EDITORIAL: Task force studies registry of disabled people as way to help avoid deadly use of force

EDITORIAL: Task force studies registry of disabled people as way to help avoid deadly use of force

A proposal under review by the state Police Transparency & Accountability Task Force would establish a registry of people with disabilities, including mental illness, as part of an effort to provide information to police that could help avoid using force that could become deadly. While it seems obvious that police could benefit from this information, there are those who doubt its effectiveness and there are concerns about stigmatization and privacy rights.

As the Associated Press recently reported, almost a fourth of the near 6,000 fatal shootings by police in the U.S. since 2015 have involved those with mental illness. The statistic was from a Washington Post database.

One important aspect of the proposal is that participating in the database would be voluntary. As the AP report noted, voluntary programs across the nation are now mainly focused on helping police when it comes to dealing with those suffering from Alzheimer’s disease or dementia who have gone missing.

Victoria Mitchell told the AP a registry may have made a difference when it came to her son, Michael Gregory, who was shot and killed by a police officer in Ansonia a year ago. He had been diagnosed with bipolar disorder and had on several occasions attempted suicide. “They could have called someone in to de-escalate the situation,” she said.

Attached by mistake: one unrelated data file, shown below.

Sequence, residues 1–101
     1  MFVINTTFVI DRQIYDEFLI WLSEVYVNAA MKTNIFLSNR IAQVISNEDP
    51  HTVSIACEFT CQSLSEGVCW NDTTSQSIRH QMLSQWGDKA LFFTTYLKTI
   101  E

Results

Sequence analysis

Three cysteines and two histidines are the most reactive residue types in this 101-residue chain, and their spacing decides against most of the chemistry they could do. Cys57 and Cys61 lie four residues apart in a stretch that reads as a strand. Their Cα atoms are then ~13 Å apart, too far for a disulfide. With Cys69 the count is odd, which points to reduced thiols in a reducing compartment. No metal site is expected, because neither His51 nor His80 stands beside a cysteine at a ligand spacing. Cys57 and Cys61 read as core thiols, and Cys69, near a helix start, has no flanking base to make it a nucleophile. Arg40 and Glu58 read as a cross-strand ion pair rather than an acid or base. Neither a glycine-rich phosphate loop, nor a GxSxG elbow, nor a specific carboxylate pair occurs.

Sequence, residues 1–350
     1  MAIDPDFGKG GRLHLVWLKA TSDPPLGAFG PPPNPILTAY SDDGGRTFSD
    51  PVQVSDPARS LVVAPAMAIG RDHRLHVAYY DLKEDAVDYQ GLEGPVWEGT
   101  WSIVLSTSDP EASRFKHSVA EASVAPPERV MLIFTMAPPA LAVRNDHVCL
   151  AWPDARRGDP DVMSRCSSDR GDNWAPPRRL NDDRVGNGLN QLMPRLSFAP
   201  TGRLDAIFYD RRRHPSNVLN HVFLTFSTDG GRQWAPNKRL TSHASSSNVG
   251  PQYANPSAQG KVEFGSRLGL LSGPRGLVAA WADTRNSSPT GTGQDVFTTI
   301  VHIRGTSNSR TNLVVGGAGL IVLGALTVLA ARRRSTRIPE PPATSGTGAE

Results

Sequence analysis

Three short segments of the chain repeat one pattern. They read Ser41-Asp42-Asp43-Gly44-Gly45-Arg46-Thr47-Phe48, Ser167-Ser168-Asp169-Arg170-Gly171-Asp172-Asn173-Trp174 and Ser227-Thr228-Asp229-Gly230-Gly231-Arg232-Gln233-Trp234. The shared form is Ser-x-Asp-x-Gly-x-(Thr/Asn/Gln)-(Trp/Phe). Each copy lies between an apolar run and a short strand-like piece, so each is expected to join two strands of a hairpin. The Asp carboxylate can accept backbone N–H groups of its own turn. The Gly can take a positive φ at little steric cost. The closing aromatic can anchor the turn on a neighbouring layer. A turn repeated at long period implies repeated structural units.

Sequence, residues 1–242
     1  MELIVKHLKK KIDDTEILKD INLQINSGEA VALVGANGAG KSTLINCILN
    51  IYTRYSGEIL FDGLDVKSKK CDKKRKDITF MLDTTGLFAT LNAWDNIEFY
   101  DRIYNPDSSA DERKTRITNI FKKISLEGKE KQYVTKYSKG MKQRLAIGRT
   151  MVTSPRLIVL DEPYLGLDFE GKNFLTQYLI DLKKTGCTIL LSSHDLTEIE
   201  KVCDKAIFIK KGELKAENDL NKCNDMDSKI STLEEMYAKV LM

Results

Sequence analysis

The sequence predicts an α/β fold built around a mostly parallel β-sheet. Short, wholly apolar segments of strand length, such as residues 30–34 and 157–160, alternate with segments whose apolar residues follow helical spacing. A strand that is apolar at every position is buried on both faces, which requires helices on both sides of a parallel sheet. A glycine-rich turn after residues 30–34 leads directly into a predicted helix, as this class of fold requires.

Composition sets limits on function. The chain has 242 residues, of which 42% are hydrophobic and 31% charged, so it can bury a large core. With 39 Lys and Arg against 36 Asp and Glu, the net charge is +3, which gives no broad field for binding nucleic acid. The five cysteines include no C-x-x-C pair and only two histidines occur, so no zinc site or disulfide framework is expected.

Yet “you may just be setting things up for failure, unintended but that could be what happens,” said Kathleen Flaherty, executive director of Connecticut Legal Rights Project. Flaherty called registries a “terrible idea.”

As the AP noted, “advocates for the disabled also have concerns about the government collecting information about people’s disabilities and how long the information would be stored.”

The task force should proceed carefully and weigh the concerns, an examination that ought to include an exploration of potential “unintended consequences.”

Information that promotes understanding and that could lead to safer outcomes is worth exploring. A registry could serve as a valuable tool in police work.

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